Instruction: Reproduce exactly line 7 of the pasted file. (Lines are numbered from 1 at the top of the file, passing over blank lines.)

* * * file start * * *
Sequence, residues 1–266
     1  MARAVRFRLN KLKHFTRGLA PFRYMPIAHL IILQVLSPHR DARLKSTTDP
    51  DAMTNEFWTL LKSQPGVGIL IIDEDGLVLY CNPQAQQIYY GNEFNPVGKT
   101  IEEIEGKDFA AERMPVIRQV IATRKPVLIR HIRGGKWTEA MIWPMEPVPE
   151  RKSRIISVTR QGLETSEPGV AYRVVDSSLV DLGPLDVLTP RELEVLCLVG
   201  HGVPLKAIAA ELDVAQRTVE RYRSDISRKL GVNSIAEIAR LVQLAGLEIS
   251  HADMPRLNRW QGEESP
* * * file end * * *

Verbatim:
   251  HADMPRLNRW QGEESP